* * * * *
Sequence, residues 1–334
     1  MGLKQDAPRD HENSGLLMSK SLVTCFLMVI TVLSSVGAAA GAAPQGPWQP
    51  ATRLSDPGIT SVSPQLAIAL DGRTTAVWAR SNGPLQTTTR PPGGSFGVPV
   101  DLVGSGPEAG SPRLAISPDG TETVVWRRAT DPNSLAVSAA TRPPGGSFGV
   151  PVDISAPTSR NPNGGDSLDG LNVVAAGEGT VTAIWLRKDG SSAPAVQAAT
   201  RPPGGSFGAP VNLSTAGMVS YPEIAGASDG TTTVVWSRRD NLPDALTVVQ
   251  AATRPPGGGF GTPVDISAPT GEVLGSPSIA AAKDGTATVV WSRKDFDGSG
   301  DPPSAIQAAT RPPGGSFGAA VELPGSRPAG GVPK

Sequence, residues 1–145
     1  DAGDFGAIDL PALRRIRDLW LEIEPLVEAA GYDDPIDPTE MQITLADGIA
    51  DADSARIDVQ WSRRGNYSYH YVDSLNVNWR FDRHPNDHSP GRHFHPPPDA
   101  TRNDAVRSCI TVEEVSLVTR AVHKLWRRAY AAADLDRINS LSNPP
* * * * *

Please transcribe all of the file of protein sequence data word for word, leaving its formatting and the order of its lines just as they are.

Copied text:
Sequence, residues 1–334
     1  MGLKQDAPRD HENSGLLMSK SLVTCFLMVI TVLSSVGAAA GAAPQGPWQP
    51  ATRLSDPGIT SVSPQLAIAL DGRTTAVWAR SNGPLQTTTR PPGGSFGVPV
   101  DLVGSGPEAG SPRLAISPDG TETVVWRRAT DPNSLAVSAA TRPPGGSFGV
   151  PVDISAPTSR NPNGGDSLDG LNVVAAGEGT VTAIWLRKDG SSAPAVQAAT
   201  RPPGGSFGAP VNLSTAGMVS YPEIAGASDG TTTVVWSRRD NLPDALTVVQ
   251  AATRPPGGGF GTPVDISAPT GEVLGSPSIA AAKDGTATVV WSRKDFDGSG
   301  DPPSAIQAAT RPPGGSFGAA VELPGSRPAG GVPK

Sequence, residues 1–145
     1  DAGDFGAIDL PALRRIRDLW LEIEPLVEAA GYDDPIDPTE MQITLADGIA
    51  DADSARIDVQ WSRRGNYSYH YVDSLNVNWR FDRHPNDHSP GRHFHPPPDA
   101  TRNDAVRSCI TVEEVSLVTR AVHKLWRRAY AAADLDRINS LSNPP